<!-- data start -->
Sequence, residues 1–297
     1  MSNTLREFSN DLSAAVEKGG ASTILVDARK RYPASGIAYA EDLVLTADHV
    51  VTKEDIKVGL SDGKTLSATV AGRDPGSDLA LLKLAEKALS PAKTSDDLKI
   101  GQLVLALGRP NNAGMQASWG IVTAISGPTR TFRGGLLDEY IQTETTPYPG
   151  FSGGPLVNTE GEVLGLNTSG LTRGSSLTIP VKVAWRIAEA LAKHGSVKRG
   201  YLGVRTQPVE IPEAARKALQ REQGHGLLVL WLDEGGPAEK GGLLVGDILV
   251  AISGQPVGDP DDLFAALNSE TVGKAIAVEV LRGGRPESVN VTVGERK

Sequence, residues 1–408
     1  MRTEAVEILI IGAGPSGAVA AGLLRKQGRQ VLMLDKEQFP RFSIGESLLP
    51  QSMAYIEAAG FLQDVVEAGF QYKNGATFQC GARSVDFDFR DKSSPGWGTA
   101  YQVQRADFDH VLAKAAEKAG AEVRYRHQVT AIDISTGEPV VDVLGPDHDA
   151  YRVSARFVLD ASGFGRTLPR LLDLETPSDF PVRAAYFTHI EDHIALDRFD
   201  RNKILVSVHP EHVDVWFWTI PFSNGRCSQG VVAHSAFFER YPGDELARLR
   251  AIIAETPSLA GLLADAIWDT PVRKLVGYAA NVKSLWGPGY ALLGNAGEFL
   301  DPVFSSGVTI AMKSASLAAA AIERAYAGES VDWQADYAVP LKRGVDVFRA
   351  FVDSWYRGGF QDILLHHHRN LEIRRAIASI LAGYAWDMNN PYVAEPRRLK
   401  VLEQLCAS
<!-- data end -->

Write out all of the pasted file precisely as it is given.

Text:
Sequence, residues 1–297
     1  MSNTLREFSN DLSAAVEKGG ASTILVDARK RYPASGIAYA EDLVLTADHV
    51  VTKEDIKVGL SDGKTLSATV AGRDPGSDLA LLKLAEKALS PAKTSDDLKI
   101  GQLVLALGRP NNAGMQASWG IVTAISGPTR TFRGGLLDEY IQTETTPYPG
   151  FSGGPLVNTE GEVLGLNTSG LTRGSSLTIP VKVAWRIAEA LAKHGSVKRG
   201  YLGVRTQPVE IPEAARKALQ REQGHGLLVL WLDEGGPAEK GGLLVGDILV
   251  AISGQPVGDP DDLFAALNSE TVGKAIAVEV LRGGRPESVN VTVGERK

Sequence, residues 1–408
     1  MRTEAVEILI IGAGPSGAVA AGLLRKQGRQ VLMLDKEQFP RFSIGESLLP
    51  QSMAYIEAAG FLQDVVEAGF QYKNGATFQC GARSVDFDFR DKSSPGWGTA
   101  YQVQRADFDH VLAKAAEKAG AEVRYRHQVT AIDISTGEPV VDVLGPDHDA
   151  YRVSARFVLD ASGFGRTLPR LLDLETPSDF PVRAAYFTHI EDHIALDRFD
   201  RNKILVSVHP EHVDVWFWTI PFSNGRCSQG VVAHSAFFER YPGDELARLR
   251  AIIAETPSLA GLLADAIWDT PVRKLVGYAA NVKSLWGPGY ALLGNAGEFL
   301  DPVFSSGVTI AMKSASLAAA AIERAYAGES VDWQADYAVP LKRGVDVFRA
   351  FVDSWYRGGF QDILLHHHRN LEIRRAIASI LAGYAWDMNN PYVAEPRRLK
   401  VLEQLCAS